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We need to talk about the Berlinale

Our film critic is ready to take over the Berlinale. With Dieter Kosslick getting heat in the form of a public letter last week, David Mouriquand presents his three-point plan to save the decades-old institution.

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Dieter Kosslick. Photo by Fraktion DIE LINKE. im Bundestag (CC BY 2.0)

No one quite knows how it happened. But it’s become common knowledge by now, especially within the critical circles: Germany’s prestigious film festival has fallen by the wayside. Compared to its European counterparts, the Berlinale seems to have been relegated to the underachieving runt of the litter.

Late last week, a group of leading German directors – including Maren Ade, Fatih Akin, Doris Dörrie and Volker Schlöndorff – confirmed that even the artistic body weren’t too chuffed with the state of the festival either. In an open letter published by Spiegel, they called for “a new beginning” for the Berlinale, demanding that the 66-year-old festival be course-corrected and once again put “on an equal footing with Cannes and Venice”.

The Berlinale lacks Cannes’ big-name films. And it doesn’t have Venice’s picturesque surroundings. Another main issue at play here is timing. The Berlinale is unceremoniously wedged in between Sundance, the awards season leading up to the Oscars, and Cannes rearing its star-studded head around the corner. You even hear critics making their Cannes plans while the Berlinale is still going on… That is, if they haven’t scarpered halfway through the festival, once the European Film Market (EFM) closes its doors.

But enough moaning. The Berlinale has a problem and it’s not only its calendar. Here’s my three-point plan for a successful and much-needed revamp of Germany’s A-list film Festival:

1. Curate, damn it! Between all the pre-festival press screenings in January and the festival itself, I saw 107 Berlinale films in total this year. To realise that I’d only seen about one-quarter of the selected films after a solid month-and-a-bit is sheer lunacy. It’s plain to see that sections like Forum, Panorama and Perspektive Deutsches Kino need to be streamlined. Curation also means getting the best names, and this year’s competition lineup was one of the weakest in recent memory. Come to think about it, it’s hard to think of a breakout competition film from the past few years. The last one to receive any big international acclaim was Wes Anderson’s The Grand Budapest Hotel in 2014. It’s not that the films are bad, but outside the Berlinale bubble, there’s just far too much filler.

2. Don’t be obvious. Celebrating homegrown talent is great, but naming Tom Tykwer as next year’s jury president? Let’s be frank: his last decent film was Perfume and the only reason he’s been given the big job is that Run Lola Run turns 20 in 2018 and he’s directing Babylon Berlin, the most expensive non-English language series ever produced. Congrats, and by all means hire him for jury duty, but compared to Meryl Streep last year and this year’s Paul Verhoeven, Tykwer doesn’t exactly get many excited. Add it to the fact that next year’s edition will feature “Weimar Cinema” as its Retrospective theme, and it all seems embarrassingly on-the-nose.

3. A leadership change. The fly in the ointment for the filmmakers seems to be head honcho Dieter Kosslick. The Spiegel letter stated that the next festival head had to be “an exemplary curator who has a passion for cinema and connections across the globe.” To be fair to Herr Kosslick, his address book is chock-a-block with A-list actors, but when you infamously pass on Son Of Saul for the Competition, ominous-sounding alarm bells should be ringing. László Nemes’ 2015 film went on to bag the Grand Prix du Jury at Cannes, as well as both the Golden Globe and the Academy Award for Best Foreign Film, which only fuels the fire of those who think Kosslick has become something of a joke. And how does one justify that Toni Erdmann – Germany’s biggest critical success in years – ended up to be a Cannes revelation, not a Berlinale one (although to be honest the jury there missed its chance too).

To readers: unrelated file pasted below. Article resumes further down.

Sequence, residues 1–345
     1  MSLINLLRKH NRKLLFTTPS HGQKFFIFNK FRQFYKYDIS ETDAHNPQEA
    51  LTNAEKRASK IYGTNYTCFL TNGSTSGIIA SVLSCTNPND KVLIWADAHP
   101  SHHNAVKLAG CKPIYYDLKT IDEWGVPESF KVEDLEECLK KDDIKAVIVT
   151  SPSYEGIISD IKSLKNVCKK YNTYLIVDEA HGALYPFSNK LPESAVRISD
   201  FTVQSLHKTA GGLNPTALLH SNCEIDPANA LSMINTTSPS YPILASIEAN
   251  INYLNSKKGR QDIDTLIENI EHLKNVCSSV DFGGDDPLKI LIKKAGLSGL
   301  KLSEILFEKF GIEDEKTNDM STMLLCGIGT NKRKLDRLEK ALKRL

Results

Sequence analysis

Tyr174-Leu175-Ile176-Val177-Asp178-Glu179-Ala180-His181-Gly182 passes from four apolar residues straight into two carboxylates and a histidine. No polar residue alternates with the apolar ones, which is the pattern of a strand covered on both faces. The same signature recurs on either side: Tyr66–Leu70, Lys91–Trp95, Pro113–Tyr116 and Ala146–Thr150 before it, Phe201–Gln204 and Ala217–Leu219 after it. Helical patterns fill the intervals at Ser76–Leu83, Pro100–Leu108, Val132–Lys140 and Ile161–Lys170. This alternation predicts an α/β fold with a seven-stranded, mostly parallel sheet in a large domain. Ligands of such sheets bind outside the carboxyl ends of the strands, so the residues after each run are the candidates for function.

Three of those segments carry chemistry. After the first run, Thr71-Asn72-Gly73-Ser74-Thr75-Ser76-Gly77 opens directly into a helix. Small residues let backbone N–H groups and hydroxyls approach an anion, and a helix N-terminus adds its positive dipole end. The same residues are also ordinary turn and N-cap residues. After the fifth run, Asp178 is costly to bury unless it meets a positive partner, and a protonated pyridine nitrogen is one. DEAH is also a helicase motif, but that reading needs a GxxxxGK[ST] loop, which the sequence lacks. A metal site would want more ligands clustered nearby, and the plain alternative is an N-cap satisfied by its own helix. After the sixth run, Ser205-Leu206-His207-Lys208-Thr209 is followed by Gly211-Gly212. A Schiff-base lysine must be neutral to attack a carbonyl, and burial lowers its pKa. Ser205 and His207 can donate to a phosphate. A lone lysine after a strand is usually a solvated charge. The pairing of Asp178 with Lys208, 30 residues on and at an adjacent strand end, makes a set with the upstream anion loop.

It may be easy to scapegoat, but after 16 years of good and loyal service, it’s time for some fresh blood. This doesn’t mean promoting a Berlinale regular but drafting in a fresh face to take things in a new direction. The Berlinale needs to retain the winning teams that make Panorama and Generations the highlights they are, but also requires a leader who creates tight bonds with filmmakers as opposed to A-listers. This would ensure that the right films are selected and that not all the best names are syphoned off by Sundance – which happened with this year’s strongest films, all of which had already premiered in Park City. Call Me By Your Name, I Am Not Your Negro, God’s Own Country, The Wound… All these should have been locked in by the Berlinale, especially Raoul Peck’s stunning documentary, which was a major oversight for a festival which prides itself on its politically charged discourses.

So, Dieter, with your contract ending in 2019, it’s time to pour yourself an absolutely monumental belt of hooch and ensure that your victory laps count. And if next year’s competition doesn’t wow by including Wes Anderson’s Isle of Dogs or Luca Guadagnino’s Suspiria remake, expect to hear a slew of derogatory expletives and for the letters calling for your early resignation to pile up faster than you can don your scarf and position that hat of yours at a rakish angle.

Oh, and while we’re at it, more chairs and electrical plugs for the shoddy press centre would be grand. Herzlichen Dank.